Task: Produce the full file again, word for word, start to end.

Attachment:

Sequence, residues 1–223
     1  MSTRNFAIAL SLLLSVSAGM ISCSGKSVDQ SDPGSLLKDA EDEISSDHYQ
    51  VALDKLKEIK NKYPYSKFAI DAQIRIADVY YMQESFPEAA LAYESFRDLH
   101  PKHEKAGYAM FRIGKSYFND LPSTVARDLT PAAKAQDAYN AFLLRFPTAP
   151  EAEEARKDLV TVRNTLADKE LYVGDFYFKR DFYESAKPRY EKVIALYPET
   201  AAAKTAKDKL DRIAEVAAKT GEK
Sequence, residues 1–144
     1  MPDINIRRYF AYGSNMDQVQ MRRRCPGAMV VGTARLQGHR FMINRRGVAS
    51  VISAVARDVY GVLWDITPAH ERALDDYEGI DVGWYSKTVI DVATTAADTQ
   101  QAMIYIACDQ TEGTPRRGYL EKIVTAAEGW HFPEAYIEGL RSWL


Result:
Sequence, residues 1–223
     1  MSTRNFAIAL SLLLSVSAGM ISCSGKSVDQ SDPGSLLKDA EDEISSDHYQ
    51  VALDKLKEIK NKYPYSKFAI DAQIRIADVY YMQESFPEAA LAYESFRDLH
   101  PKHEKAGYAM FRIGKSYFND LPSTVARDLT PAAKAQDAYN AFLLRFPTAP
   151  EAEEARKDLV TVRNTLADKE LYVGDFYFKR DFYESAKPRY EKVIALYPET
   201  AAAKTAKDKL DRIAEVAAKT GEK
Sequence, residues 1–144
     1  MPDINIRRYF AYGSNMDQVQ MRRRCPGAMV VGTARLQGHR FMINRRGVAS
    51  VISAVARDVY GVLWDITPAH ERALDDYEGI DVGWYSKTVI DVATTAADTQ
   101  QAMIYIACDQ TEGTPRRGYL EKIVTAAEGW HFPEAYIEGL RSWL